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Judy Anne Bremer

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JudyAnneBremer
Judy Anne Bremer
MalcoJOJOAdded by MalcoJOJO

The beauty Judy Anne Bremer lived in Maundbury in a modest, East Side home. She ran a small shop called BREMER’S downtown. The shop sold clothing and cosmetics and Bremer had done very well for herself in a very short amount of time. She was admired by men and women alike and was said to have charm and charisma that were extremely hard to resist.



She was married to Mathew Thomas Bremer in the summer of 1940 and continued to run the shop despite family pleading for her to stop to begin a family.



Sadly, Mathew Thomas Bremer went away to fight in the war and never retuned. He had been caught in a blast from a grenade. His body was taken back to Maundbury and Judy Bremer demanded to see it despite its horrid condition. She was stoic as the coffin was opened and held her head high. “That’s him,” was all that she said.



Shattered by the loss, Bremer called for her sister to come and stay with her a while to help her the shop and with her darker days. Thelia Bremer came at once and was happy to flee the dull life she carved out for herself in Montana. She settled into Maundbury and the two were rarely seen apart.

TheliaBremer
Thelia Bremer
MalcoJOJOAdded by MalcoJOJO

It was said that Thelia Bremer had feelings for Dr. Jeremiah Lewis, but that Lewis was too wrapped up in his work for romance.



The two sisters carried on and Bremer’s continued to grow. In 1943, Thelia moved herself to Maundbury permanently and became part owner of Bremer’s. The shop was moved to a larger location in the winter of the same year. It became known for servicing both the well to do and the everyday townsfolk of Maundbury and showed respect to all who entered their shop.



The first wrinkle in the seemingly perfect recovery of Judy Anne Bremer came when Margaret Lancer entered Bremer’s and confronted her directly about sleeping with her husband – Roger Lancer. Lancer – her face a horrific mass of running makeup and tears – was “like a wild woman” and could not be calmed. She was arrested after she tried to assault the Bremer sisters and set fire to their shop. She was released when the sisters refused to press charges.



Rumors about the attack spread like wildfire and split people down the middle – one group though the sister would never do such a thing while another clung to the tale and used it to fuel the fires of jealousy that slithered through Maundbury like a cancer.



Roger Lancer killed Margaret two days later. He was found over the woman’s body still holding the belt he had strangled her with. When police arrived, the man was said to have looked confused and was in a daze and muttering, “What happened? What happened?” He was tried and moved to St. Mary’s Home shortly after. He did not remember the events of the evening before the police arrived.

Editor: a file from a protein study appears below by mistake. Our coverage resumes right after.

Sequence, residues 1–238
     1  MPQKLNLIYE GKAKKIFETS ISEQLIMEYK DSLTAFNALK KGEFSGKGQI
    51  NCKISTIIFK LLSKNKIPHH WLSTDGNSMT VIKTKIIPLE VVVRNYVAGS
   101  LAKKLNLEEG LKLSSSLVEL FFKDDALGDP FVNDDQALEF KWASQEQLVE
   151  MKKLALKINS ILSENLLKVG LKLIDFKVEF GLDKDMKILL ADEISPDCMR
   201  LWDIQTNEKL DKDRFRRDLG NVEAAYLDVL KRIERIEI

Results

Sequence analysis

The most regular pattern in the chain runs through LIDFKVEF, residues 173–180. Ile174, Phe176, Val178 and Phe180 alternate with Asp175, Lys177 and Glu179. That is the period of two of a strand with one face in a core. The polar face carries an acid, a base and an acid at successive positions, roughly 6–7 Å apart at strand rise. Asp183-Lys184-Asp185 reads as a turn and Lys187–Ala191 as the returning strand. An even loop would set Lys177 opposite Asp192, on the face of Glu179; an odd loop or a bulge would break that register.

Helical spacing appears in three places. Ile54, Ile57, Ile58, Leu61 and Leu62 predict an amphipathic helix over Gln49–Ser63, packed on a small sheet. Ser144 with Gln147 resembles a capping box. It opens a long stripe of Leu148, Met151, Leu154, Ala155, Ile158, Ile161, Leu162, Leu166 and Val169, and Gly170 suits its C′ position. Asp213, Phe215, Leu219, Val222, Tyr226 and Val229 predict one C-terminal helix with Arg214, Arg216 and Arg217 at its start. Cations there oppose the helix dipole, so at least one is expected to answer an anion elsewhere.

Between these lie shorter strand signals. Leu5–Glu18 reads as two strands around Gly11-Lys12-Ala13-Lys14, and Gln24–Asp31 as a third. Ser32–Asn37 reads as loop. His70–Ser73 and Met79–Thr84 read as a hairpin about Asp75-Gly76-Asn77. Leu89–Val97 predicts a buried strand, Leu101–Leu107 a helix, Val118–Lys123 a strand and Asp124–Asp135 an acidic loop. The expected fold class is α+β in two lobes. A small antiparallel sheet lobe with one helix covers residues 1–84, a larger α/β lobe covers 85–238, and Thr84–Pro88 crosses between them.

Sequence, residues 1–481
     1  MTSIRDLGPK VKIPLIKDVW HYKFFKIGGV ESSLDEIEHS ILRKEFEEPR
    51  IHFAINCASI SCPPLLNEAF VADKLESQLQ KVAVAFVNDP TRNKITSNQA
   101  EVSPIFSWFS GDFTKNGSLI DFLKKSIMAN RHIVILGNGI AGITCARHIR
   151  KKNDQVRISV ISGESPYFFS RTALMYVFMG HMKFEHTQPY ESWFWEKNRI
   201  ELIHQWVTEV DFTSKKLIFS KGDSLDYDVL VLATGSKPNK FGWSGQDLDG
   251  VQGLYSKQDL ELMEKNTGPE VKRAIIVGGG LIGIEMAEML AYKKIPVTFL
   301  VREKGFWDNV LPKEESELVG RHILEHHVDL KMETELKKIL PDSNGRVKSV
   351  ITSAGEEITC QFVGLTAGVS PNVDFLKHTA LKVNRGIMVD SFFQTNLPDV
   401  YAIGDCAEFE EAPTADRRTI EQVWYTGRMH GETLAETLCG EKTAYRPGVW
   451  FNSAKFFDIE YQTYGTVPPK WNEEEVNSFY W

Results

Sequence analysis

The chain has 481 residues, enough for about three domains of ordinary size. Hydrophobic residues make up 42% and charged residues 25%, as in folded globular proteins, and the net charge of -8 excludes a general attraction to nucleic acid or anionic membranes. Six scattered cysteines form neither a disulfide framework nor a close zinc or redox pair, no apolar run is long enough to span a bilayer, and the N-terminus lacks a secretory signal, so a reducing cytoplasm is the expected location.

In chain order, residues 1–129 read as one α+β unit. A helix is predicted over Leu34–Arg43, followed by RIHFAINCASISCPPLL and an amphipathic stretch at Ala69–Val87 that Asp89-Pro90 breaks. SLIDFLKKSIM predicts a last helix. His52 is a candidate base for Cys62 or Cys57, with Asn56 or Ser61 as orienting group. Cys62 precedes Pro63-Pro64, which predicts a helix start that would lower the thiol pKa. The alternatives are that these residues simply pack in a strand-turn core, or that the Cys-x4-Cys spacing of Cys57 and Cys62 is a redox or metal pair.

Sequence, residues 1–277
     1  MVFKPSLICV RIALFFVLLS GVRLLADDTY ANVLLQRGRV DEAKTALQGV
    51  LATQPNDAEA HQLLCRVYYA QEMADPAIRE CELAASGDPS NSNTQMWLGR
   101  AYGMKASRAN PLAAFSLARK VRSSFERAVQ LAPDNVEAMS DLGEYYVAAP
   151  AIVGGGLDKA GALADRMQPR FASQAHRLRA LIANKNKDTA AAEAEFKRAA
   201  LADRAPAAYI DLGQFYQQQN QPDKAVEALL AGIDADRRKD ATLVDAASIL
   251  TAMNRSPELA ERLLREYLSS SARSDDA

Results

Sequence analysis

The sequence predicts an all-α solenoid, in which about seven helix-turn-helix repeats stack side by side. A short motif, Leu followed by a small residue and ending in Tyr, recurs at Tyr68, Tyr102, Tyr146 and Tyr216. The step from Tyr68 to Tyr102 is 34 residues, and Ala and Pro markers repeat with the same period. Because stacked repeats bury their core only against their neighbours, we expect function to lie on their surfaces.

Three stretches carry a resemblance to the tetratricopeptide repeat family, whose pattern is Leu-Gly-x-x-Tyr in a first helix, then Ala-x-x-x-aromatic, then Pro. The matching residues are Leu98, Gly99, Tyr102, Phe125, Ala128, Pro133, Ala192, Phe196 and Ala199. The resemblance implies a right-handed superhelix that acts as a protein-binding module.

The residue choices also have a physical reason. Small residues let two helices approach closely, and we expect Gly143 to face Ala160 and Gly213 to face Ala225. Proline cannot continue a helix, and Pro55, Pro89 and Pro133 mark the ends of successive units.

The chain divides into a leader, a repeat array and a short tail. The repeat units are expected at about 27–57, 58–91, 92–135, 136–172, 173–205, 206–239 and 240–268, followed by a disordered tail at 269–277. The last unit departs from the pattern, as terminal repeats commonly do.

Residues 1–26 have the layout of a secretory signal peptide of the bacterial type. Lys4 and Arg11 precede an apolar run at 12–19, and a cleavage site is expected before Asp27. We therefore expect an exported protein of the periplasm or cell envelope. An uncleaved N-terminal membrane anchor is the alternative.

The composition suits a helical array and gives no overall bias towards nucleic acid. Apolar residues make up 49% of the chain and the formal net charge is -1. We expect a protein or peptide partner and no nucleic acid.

Gossip spread, but no direct connection to the Bremer sisters was ever found.



Two months later, tragedy struck when Judy Bremer was attacked while closing the shop. The attacker was Ralph Soomes – a vagrant wanderer passing through Maundbury. He pushed his way into the shop and tried to have his way with Bremer. A passer by called for police and Soomes ran off. Bremer was bruised and frightened, but otherwise unharmed. Printed posters of Soomes’ likeness were posted and Thelia put up a $1000 reward for his capture.



Soomes’ body was found in a creek three miles from town shortly after. The body was beaten badly and cut about the face, neck and chest with something razor sharp. There was a dramatic loss of blood, but not much was found at the scene due to the body’s placement in the water.



When asked about the event, Judy Bremer’s only comment was a verse from the Bible.



“The LORD is good. When trouble comes, he is a strong refuge. And he knows everyone who trusts in him. But he sweeps away his enemies in an overwhelming flood. He pursues his foes into the darkness of night.”



Various stories can be found about the Bremer sisters – most having to do with Judy Bremer and her strange mix of stunning beauty and coldness she lived in. While Thelia was said to be vivacious and full of life, Judy was said to be dark and brooding – most likely due to the loss of her husband at such a young age.



Thelia married Marcus Thompson in 1946 and moved out of the Bremer home. She had three girls – Trudy, Marcy and Tanya.



Judy Bremer continued to live alone, but was a strong part of her sister’s family. Rumors continued to spread about her until her death from pneumonia in 1957. Thelia sold Bremer’s to the Macy’s Department Store chain soon after. The location was closed two years later.



Odd Tales

Many Urban Legends sprang up about Judy Anne Bremer soon after her death. The various deaths that had taken place around her were developed into a tales of vampirism, lust and sadness.

• It was said that Bremer was seen in the woods during her own funeral – staring as her casket was lowered into the ground.

• On warm summer nights, it’s said that a woman can sometimes be seen weeping at the grave of Mathew Thomas Bremer.

• Several people claim to have seen Bremer in the woods – covered in blood and feeding on large animals like deer. Her eyes were said to have been blood red and burning.

• Travelers claim to see a woman on the side of the road with a bloody mouth and black eyes.

• Bremer is said to seduce lonely men. She draws them into the woods and has her way with them, then drinks from their veins.

• Woman in Maundbury jokingly call out, “You better take care of your man or Judy Bremer will be after him!”

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